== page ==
General Motors and NASA Are Lending a Robotic Hand to Healthcare
Following a trip to the International Space Station, General Motors plans to lending a helping hand back here on Earth next.
General Motors (GM) and Swedish medical technology company Bioservo announced on Wednesday that they are developing a new wearable robotic glove that will serve as the successor to a previous robotic glove developed by GM and NASA.
The new glove is meant to prevent repetitive-stress injuries that may occur when workers spend hours of the day performing laborious tasks like operating power tools or putting together components on an assembly line.
GM will license its intellectual property related to the older RoboGlove model to Bioservo, which will incorporate its own wearable technology to the new device. The companies did not disclose the deal’s financial terms.
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NASA and GM first publicly detailed the RoboGlove in 2012 and explained that its technology was derived from the space agency’s work building a humanoid robot that would aid astronauts on board the International Space Station.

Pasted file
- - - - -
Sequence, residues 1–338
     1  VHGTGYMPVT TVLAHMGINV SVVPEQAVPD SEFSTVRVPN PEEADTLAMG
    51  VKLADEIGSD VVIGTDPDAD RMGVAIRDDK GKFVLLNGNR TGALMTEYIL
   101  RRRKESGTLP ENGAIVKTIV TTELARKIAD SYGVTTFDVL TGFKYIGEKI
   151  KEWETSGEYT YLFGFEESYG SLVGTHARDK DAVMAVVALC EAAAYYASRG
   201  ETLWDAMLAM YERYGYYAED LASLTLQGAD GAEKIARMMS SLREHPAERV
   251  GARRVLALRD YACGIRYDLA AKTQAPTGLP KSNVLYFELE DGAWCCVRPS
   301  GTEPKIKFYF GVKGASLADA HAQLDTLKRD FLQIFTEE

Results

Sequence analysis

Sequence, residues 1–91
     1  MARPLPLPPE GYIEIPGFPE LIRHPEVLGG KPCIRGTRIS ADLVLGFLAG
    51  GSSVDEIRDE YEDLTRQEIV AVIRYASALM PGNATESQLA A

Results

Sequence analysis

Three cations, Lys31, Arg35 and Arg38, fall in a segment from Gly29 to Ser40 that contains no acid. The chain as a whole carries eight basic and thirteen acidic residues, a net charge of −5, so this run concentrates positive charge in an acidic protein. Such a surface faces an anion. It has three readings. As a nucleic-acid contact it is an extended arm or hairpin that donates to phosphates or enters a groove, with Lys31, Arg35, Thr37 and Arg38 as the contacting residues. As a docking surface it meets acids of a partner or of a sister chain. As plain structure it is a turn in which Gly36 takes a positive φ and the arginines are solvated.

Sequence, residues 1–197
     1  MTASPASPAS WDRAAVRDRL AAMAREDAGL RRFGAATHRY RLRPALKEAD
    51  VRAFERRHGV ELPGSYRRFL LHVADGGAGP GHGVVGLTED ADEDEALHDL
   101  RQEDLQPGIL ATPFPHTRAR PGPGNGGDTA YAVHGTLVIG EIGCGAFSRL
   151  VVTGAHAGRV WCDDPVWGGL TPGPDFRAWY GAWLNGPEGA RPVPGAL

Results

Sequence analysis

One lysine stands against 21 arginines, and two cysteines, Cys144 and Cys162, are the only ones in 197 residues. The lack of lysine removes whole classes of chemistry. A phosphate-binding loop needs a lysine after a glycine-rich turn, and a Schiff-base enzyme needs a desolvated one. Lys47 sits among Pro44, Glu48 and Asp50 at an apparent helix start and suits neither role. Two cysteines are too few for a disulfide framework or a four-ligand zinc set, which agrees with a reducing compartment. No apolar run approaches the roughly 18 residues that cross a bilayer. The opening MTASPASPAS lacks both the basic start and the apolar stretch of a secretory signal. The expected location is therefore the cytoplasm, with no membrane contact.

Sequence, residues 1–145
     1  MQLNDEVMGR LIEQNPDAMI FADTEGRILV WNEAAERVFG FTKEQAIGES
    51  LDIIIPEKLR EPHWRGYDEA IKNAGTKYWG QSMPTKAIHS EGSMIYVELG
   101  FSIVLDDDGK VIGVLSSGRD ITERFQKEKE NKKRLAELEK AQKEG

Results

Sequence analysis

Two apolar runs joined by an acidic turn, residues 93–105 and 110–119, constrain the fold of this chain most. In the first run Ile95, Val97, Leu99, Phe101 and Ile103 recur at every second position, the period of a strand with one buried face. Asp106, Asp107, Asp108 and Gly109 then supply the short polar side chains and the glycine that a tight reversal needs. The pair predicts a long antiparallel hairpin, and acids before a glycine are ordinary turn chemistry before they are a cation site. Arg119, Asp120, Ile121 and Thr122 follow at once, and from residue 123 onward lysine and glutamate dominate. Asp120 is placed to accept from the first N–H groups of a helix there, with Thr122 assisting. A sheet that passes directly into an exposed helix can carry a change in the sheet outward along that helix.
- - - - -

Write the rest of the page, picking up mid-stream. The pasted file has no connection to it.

At the time, GM and NASA cited that both astronauts and factory operators typically exert approximately 15 to 20 pounds of force when they hold tools for their tasks. But using the specially-designed glove cuts the force down to a range between five and 10 pounds, preventing wear and tear to human muscles.
The RoboGlove contains so-called “actuators,” which are embedded inside the glove and “provide grasping support to human fingers,” according to Wednesday’s announcement. Bioservo will develop “a new grasp assist device for industrial use” that would presumably reduce muscle stress in hands, but the companies did not elaborate on what the technology would entail. Bioservo currently sells its own robotic glove that it claims can help people who lose hand strength due to degenerative diseases, such as Duchenne’s Muscular Dystrophy.
GM noted that Bioservo will build and sell the gloves, targeting the healthcare sector among other industries. The companies said the glove could be used for medical rehabilitation purposes without specifying further.
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Additionally, GM boasted it plans to be first U.S.-based manufacturing customer of the new glove with plans to test it at “some of its plants.”